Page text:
Cheshire and Bannon strongly criticized the state Conference of DA’s for trying to weaken the law in this past legislative session (the attempt was beaten back), though they praised some prosecutors in the state, such as Wake County DA Colon Willoughby.

Kevin Finnerty, meanwhile, raised another issue—the lack of grand jury transcripts. Bannon agreed, telling Swanson, “The grand jury system in this state is a joke. The day of the lacrosse indictments, there were 82 indictments in 96 minutes. And there is no duty to provide exculpatory evidence.”

We already know that Sgt. Mark Gottlieb gave the grand jury deceptive information—according to his testimony in the Bar deposition, he told the grand jury that, from the time she saw Tara Levicy on March 14, 2006, Crystal Mangum was consistent in the stories that she told. That statement was untrue.

On other matters: We’ll never know what Gottlieb might have told the grand jury about DNA evidence. Might he have told the grand jury, for instance, that there would be additional DNA tests to come back, tests that would ensure Reade Seligmann’s and Collin Finnerty’s guilt? We’ll also never know what Gottlieb might have told the grand jury about Kim Roberts. Might he have told the grand jury, for instance, that Roberts’ story backed up Mangum’s version of events—even though, in fact, Roberts’ statement to police contradicted Mangum’s in every respect? We'll also never know what Gottlieb might have told the grand jury about the April 4, 2006 lineup. Might he have told the grand jury, for instance, that the lineup was procedurally routine, with no mention of Mike Nifong ordering the police to confine the lineup to lacrosse players?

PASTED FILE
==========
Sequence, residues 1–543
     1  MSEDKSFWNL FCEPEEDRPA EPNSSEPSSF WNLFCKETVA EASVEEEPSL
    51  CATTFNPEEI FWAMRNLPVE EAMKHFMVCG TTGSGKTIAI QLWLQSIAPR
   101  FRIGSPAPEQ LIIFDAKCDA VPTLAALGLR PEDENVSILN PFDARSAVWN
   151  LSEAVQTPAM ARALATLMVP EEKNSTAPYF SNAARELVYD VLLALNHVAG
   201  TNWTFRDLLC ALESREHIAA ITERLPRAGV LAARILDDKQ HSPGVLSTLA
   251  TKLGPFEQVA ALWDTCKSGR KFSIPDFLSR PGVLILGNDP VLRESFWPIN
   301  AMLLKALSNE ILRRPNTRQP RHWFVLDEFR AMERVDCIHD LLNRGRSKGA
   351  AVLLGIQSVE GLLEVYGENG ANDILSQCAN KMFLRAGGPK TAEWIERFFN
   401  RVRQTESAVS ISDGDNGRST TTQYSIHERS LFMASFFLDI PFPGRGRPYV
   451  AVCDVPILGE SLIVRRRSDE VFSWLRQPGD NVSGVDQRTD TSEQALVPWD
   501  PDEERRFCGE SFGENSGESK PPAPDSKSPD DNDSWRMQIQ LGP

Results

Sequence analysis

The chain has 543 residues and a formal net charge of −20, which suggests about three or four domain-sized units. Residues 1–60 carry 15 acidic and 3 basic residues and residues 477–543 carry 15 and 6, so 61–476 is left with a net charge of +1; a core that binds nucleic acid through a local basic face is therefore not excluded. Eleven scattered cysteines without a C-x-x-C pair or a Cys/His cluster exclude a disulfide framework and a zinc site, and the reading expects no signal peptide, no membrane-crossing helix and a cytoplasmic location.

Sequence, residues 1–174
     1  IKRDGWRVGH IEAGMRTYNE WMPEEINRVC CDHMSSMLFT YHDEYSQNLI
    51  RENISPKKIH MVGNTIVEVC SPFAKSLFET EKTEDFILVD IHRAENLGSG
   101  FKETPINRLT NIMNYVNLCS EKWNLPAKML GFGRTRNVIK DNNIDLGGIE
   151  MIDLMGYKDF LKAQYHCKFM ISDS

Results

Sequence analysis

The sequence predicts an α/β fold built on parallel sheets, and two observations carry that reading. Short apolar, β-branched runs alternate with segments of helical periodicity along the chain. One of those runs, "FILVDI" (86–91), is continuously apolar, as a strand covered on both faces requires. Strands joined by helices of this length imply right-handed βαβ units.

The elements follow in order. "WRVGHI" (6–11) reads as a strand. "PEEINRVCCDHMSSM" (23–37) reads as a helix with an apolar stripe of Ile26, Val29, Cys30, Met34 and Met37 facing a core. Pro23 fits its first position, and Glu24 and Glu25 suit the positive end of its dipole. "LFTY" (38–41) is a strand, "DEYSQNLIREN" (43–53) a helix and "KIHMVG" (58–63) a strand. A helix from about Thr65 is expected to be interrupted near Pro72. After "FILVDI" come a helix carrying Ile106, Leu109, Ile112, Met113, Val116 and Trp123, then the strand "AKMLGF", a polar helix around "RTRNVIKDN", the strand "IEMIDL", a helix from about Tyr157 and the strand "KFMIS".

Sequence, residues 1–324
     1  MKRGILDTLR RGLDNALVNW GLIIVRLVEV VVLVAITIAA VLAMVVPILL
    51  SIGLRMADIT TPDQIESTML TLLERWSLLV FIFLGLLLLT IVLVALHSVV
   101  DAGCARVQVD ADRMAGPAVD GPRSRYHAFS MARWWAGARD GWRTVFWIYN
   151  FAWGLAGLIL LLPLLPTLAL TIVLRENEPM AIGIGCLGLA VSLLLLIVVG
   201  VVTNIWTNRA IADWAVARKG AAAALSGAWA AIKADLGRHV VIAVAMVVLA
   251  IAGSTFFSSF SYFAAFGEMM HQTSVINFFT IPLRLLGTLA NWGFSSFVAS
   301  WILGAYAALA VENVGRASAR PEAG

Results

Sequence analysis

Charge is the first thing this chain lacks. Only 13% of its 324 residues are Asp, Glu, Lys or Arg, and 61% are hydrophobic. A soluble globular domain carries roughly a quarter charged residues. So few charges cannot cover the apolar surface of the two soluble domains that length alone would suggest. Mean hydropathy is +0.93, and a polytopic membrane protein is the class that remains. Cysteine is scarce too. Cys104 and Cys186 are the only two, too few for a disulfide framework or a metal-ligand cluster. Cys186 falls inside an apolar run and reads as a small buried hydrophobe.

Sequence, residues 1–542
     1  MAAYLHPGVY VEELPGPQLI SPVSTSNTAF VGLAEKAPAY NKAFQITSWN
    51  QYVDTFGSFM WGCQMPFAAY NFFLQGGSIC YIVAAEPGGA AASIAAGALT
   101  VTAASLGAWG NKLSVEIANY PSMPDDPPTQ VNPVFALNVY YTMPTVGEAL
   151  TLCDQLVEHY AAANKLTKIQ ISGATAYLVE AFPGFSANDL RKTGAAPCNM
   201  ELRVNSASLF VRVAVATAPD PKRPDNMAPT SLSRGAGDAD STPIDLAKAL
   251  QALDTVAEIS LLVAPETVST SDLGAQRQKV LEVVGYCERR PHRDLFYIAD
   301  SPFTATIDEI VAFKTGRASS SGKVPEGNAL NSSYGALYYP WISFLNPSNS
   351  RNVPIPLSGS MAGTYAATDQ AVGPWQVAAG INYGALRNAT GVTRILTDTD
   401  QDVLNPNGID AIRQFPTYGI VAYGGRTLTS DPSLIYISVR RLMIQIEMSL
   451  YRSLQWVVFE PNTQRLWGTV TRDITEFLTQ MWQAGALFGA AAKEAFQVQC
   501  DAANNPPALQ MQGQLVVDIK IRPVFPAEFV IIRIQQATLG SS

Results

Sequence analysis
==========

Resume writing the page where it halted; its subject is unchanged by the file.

Meanwhile, despite the call of AG Roy Cooper, North Carolina continues to ignore the American Bar Association’s suggestion that all states have mechanisms for a superior body—either the state Supreme Court, the AG, or the governor—to remove rogue DA’s.

Kevin Finnerty also praised the leadership supplied recently by Mayor Bell: “We are not being judgmental on the people of Durham. My guess is that the majority of people in Durham are embarrassed by how the district attorney conducted himself and how the police continue to conduct themselves. This shouldn’t reflect poorly on the people of Durham, but it certainly reflects poorly on the leadership. For the mayor to stand up and ask for an objective review of what has gone on here, that is a great first start. Finally someone is stepping up and showing leadership, and it is long overdue.”

71 comments:

Anonymous said...

Note: "Page Auditorum"

http://events.duke.edu/facility/page.html

inman said...

One has to wonder if the laws of North Carolina are an artifact of the Jim Crow era, when those laws served as a means to deprive African Americans and others of their civil liberties. To vest such substantial power in the hands of a locally elected official, who could then twist and torment the system to corrupt whims, is clearly anethema to the Constitutional process evisioned by the Founding Fathers.

Surely there are conflicts of constitutional law(s) that require North Carolina to remedy its state legislative regime and judicial construct.